Susan Sarandon is in talks to star in “Baby’s in Black,” helmer Brad Silberling’s next pic for Warner Bros. and Bel Air Entertainment. Mark Johnson and Silberling will produce.

Silberling penned the script as his followup to “City of Angels,” and wrote the pivotal role with Sarandon in mind. WB is targeting a January start date.

Set in the early ’70s, the film centers on a family unit cobbled together in the wake of a young woman’s murder: her father, mother, and their son-in-law to be. Emotional chaos ensues when the young man slowly begins to fall for someone new while still living under their roof. WB hopes to make a speedy deal with Sarandon, and then cast young thesps to play the houseguest and the woman who falls in love with him, as she awaits the unlikely return of a boyfriend presumed dead in combat in Vietnam.

Sarandon, who’s about to open alongside Natalie Portman in the Wayne Wang-directed “Anywhere But Here” at Fox 2000, is repped by ICM’s Martha Latrell.

While Silberling has long targeted this film to be his next, he originally expected to do it for DreamWorks (Daily Variety, Aug. 19, 1998) where his Reveal Entertainment is based. But the project recently moved over to WB, where it was championed by Bel Air’s Steve Reuther.

LIT BIZ PICKING UP?: The flaccid literary market might awaken with the prospect of new submissions from big-ticket authors like Michael Crichton and the late Mario Puzo.

Shortly after moving from CAA to AMG, Crichton saw his new time travel novel, “Time Line,” go out to the heads of most major studios — courtesy of his new manager, Michael Ovitz, who’s working closely with Crichton’s longtime lit agents Lynn Nesbit and Mort Janklow.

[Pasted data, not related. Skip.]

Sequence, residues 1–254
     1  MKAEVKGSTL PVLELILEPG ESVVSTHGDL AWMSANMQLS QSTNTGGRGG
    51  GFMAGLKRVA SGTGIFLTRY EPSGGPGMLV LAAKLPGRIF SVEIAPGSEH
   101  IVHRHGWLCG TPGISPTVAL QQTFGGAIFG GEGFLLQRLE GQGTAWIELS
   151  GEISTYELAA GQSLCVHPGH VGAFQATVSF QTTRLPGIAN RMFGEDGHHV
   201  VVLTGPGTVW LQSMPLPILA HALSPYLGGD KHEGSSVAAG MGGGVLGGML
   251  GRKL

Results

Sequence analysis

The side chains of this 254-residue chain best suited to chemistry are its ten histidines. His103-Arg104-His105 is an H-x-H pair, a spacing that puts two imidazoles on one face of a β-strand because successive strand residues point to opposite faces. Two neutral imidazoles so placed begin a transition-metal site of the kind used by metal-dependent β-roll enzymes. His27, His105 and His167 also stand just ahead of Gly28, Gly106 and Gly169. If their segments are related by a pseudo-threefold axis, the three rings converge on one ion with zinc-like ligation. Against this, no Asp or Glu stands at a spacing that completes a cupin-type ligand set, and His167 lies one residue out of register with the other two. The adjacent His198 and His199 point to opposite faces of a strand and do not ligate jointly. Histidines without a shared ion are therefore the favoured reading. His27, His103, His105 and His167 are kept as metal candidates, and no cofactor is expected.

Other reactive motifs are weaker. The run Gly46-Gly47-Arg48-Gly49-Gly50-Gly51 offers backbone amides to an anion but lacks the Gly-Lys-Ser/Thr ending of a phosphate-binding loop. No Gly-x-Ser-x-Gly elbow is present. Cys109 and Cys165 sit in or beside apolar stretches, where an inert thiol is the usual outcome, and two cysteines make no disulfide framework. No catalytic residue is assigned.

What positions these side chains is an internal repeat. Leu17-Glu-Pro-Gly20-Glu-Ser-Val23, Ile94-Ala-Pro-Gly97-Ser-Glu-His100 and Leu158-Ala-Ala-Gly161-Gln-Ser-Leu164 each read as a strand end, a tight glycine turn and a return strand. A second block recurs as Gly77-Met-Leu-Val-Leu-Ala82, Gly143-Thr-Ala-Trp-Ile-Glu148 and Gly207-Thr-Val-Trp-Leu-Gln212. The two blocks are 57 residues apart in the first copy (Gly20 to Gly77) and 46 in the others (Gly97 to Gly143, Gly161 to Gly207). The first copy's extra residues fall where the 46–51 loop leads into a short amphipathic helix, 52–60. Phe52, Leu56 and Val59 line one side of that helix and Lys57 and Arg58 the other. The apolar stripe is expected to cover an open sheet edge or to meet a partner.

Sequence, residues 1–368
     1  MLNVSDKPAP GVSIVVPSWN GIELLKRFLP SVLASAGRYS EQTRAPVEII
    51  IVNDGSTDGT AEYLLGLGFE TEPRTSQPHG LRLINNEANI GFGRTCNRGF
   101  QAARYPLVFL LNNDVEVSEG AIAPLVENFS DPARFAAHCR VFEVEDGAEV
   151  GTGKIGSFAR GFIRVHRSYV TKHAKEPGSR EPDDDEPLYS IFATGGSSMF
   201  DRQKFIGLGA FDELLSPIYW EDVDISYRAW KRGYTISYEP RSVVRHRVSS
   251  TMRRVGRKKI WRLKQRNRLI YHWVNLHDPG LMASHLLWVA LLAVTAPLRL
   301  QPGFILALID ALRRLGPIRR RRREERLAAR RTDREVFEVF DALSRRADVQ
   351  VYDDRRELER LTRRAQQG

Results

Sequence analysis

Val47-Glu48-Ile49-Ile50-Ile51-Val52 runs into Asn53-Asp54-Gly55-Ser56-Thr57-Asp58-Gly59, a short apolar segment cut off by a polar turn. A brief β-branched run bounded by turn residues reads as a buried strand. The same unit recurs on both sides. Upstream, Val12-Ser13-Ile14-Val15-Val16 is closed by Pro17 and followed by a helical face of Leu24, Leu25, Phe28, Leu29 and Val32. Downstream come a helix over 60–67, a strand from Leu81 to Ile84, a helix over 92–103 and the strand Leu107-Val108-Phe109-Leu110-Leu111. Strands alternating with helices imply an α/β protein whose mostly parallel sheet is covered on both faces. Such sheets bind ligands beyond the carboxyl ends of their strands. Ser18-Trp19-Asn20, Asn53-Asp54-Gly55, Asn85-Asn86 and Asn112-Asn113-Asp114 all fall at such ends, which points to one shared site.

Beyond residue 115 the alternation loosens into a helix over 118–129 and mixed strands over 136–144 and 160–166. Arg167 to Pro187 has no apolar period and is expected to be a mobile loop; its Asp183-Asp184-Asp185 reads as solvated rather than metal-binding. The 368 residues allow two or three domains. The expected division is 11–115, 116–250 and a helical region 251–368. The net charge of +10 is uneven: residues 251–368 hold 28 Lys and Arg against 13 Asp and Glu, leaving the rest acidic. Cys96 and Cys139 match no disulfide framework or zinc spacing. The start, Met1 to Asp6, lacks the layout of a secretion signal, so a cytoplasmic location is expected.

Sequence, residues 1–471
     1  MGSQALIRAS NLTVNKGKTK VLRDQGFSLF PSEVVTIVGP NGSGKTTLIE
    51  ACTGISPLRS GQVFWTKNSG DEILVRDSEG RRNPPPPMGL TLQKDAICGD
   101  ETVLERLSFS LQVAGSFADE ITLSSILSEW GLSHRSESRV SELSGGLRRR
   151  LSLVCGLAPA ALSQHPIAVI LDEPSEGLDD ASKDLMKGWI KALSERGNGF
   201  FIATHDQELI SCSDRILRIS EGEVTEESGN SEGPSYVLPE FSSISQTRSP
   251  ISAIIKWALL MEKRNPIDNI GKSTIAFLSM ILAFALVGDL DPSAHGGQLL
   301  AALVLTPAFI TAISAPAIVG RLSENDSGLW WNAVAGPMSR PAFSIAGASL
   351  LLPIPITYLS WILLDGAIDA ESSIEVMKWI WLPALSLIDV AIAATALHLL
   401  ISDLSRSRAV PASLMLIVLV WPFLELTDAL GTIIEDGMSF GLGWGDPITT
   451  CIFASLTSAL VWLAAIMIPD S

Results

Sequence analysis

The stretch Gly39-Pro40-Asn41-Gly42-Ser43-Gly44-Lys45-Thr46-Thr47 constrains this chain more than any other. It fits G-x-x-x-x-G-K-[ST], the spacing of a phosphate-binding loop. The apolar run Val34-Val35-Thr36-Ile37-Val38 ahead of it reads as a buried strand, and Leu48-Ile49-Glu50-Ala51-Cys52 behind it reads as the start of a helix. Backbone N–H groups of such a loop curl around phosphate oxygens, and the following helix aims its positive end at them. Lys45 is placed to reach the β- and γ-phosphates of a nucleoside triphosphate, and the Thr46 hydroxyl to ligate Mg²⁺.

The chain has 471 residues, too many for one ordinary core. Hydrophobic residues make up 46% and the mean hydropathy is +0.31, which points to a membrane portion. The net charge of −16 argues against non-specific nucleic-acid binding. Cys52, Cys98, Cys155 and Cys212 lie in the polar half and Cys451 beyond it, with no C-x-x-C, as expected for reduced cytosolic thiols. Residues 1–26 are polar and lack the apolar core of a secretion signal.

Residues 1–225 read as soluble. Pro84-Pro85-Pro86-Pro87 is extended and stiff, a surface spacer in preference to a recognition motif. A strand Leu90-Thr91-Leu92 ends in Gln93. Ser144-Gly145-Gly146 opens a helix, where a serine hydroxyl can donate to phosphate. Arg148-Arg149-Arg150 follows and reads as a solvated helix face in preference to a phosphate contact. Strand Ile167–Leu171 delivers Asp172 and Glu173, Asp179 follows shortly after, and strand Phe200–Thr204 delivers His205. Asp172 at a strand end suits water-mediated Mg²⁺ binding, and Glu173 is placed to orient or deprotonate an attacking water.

Crichton’s last novel, “Airframe,” went for $8 million to Disney, but stalled on the runway after director John McTiernan departed after creative disagreements with that studio and the author over “The Thirteenth Warrior.”

At the same time, lawyer Bert Fields is ready to go with the gangster novel “Omerta,” the last literary effort by “Godfather” author Mario Puzo.

There’s a high volume of rumoring about that novel, a family affair in which one brother is an FBI agent, another a mobster. There’s buzz that Puzo’s prose might be quietly polished by another writer before the book comes out next spring or summer, only because the author died before being able to do all the varnishing he otherwise would have.

Belying that is the fact that Puzo was known for turning in strong first drafts, and willed himself to live until he finished this novel. (His serious illness made the reported prospect of him penning “Godfather 4” unfathomable.)

Fields, who’ll hit the marketplace within the next two weeks with the book, adamantly denied a scenario that’s similar to speculation that WB had director Sydney Pollack tweaking “Eyes Wide Shut” when Stanley Kubrick died after turning in his cut.

The Puzo book is being edited at Random House, Fields said, but all the words belong to Puzo. Fields said the book was terrific, but took an omerta-like oath not to divulge the plot.

GRISHAM DISH: How can a fairly obscure magazine from Oxford, Miss., get a bestselling author like John Grisham to pen a new novel that will originate as a six-part serial in the mag? It helps when the publisher’s name is John Grisham.

The lawyer-turned-novelist-turned-magazine publisher will write “A Painted House” for his Oxford American magazine, a bimonthly that in January will begin carrying the autobiographical coming-of-age tale of a young man in the south. The work then might be turned into a standard novel.

Grisham will write the six installments on deadline, which shouldn’t be too hard since he cranks out a book every year. The mag’s 50,000-print run will increase to 200,000 during the run of the book.

Though Grisham, whose next legal thriller novel is “The Brethren,” has largely turned his back on Hollywood by refusing to sell recent efforts, his appetite might come back with the rapid resuscitation of “Runaway Jury,” which New Regency is speeding toward a deal with director Alfonso Cuaron. The company is also canvassing writers to change the plot.

The project stalled when Joel Schumacher bailed because the tale of jury manipulation hinged on a landmark tobacco lawsuit that wasn’t timely after tobacco lawsuit losses. It’s being changed to a new hotbutton subject: a landmark case against gun manufacturers.